Most of the time, when a dog has a runny nose is nothing to worry about. However, chronic or severe nasal discharge can be an indication of a serious health issue that needs to be addressed.
Nasal discharge is produced by the respiratory system but there are different types of discharge that can range from watery to thick and can sometimes be accompanied by other symptoms. It’s important to keep an eye out if your dog has a runny nose so that the cause can be determined and treated as soon as possible.
6 common reasons why a dog has a runny nose
A runny nose is nothing to worry about when you see that the nasal discharge is clear and watery and only during a short period of time. It can be a simple sign of nervousness. However, if it has a color other than clear it may contain blood or pus. This is a sign that there might be something wrong. There are many causes for a runny nose in dogs. From something as simple as a seasonal allergy to more serious issues like cancer. Here are some common reasons why a dog has a runny nose.
Like people, dogs can also have allergies and they can be allergic to a variety of things such as pollens, some foods, or mites. Allergies are by far the most common cause of nasal discharge in dogs which, in this case, is usually clear and watery.
However, the symptoms of an allergic reaction in dogs may not stop at a runny nose. It can also include sneezing, coughing, itchiness, nosebleed, eye discharge, and other breathing problems just like what happens in humans.
If you’re able to identify what is causing the allergic reaction, such as fleas, keeping your dog away from it is the best way to treat and prevent it. If you’re not sure what is causing the reaction or you’re not able to avoid it, talk to your vet and see what you can do to help your dog.
2. Nasal blockage
It’s possible that a dog has a runny nose because there’s something stuck in one of its nostrils, causing a blockage. Usually, when this happens the discharge only comes from the nostril that has the blockage and the dog may sneeze, paw at its nose, and sometimes even have nosebleeds. If you encounter this, and it’s safe, carefully remove whatever is causing the blockage with the help of a pair of tweezers. If you don’t think you’re able to safely remove it without hurting your dog, don’t risk it and go to the vet as soon as possible.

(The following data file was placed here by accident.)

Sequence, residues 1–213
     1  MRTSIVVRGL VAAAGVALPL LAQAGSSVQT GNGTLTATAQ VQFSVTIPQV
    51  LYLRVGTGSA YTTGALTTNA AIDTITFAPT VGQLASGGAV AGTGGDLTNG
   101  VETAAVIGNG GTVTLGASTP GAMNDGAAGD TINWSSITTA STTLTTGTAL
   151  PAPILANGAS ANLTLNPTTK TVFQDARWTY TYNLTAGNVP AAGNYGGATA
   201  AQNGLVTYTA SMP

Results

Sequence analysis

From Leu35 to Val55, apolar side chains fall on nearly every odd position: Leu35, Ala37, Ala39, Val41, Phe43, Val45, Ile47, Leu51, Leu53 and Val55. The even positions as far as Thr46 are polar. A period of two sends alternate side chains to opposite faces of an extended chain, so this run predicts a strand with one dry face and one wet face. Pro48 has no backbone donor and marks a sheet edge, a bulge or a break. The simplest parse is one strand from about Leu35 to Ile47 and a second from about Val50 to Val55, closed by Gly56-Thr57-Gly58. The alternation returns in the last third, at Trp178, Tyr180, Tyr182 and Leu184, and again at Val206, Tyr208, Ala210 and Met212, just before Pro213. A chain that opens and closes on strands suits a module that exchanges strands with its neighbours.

In more severe cases, a vet may need to use sedation in order to dislodge whatever is causing the blockage and then prescribe medication to prevent infection.
3. Kennel Cough
The kennel cough is the equivalent of a cold in dogs. Much like a cold in humans, most cases don’t require any special attention but some dogs can develop more serious complications that require medical assistance. Kennel cough is extremely contagious which means that when a dog is infected, it should be kept far away from any healthy pets.
Besides a runny nose, other symptoms of kennel cough include a dry and hacking cough frequently followed by a gagging sound. In more severe cases, dogs may tremble and show signs of lethargy. At this point, it’s best to go to the vet for specialized treatment. This disease is preventable by giving your dog a vaccine at 8 weeks and 12 weeks of age and once a year after that. If you’re considering grooming or boarding services for your dog, be aware that the kennel cough vaccine is required by most of these facilities.
Dog’s with a nasal discharge of mucus or pus may have a bacterial, fungal, or viral infection. Besides nasal discharge, other signs of an infection can include bad odor, nosebleeds, and coughing. If your dog is showing signs of infection it’s time to take it to the vet straight away. The treatment will depend on the cause of the infection. If it’s a bacterial infection your vet may prescribe antibiotics or, if it’s a fungal infection the treatment will include antifungal drugs.
5. Nostril problems
Some breeds typically suffer from runny noses due to their genetics. This is especially common in brachycephalic breeds such as boxers and pugs as they can have trouble breathing due to how their airways are built. With time, these nostril problems can also get worse as the cartilage in the nasal passage becomes weaker. In some cases, surgery may fix these problems although many dogs are able to have a long life with a mild runny nose.
6. Tumors and Polyps
Dogs with nasal polyps or tumors usually have a nasal discharge with blood, pus, or mucus. They may also show other symptoms such as noisy breathing, a bulge on one side of the nose, and, even loss of appetite. Polyps are overgrown mucus-producing glands and may be treated with surgery. However, because polyps tend to reappear, there might be a need for additional treatment.
As for nasal tumors, the treatment will vary. Most benign tumors can be removed with surgery but the cancerous ones may need to be treated using radiation, as surgical removal in dogs is rarely successful.
Making sense of it all
It’s usually said that a wet nose is a sign of a healthy dog. Unfortunately, that’s not always true and there are many reasons why a dog has a runny nose. Ideally, you’ll want to know what your dog’s nose looks like when it’s healthy. This will make it easier for you to spot any of the symptoms described above and identify a possible reason for the nasal discharge.
Knowing what to look out for and when to take your dog to the vet can help you act fast. This means your dog can get the proper treatment before the problem gets worse which increases the chances of a successful and speedy recovery.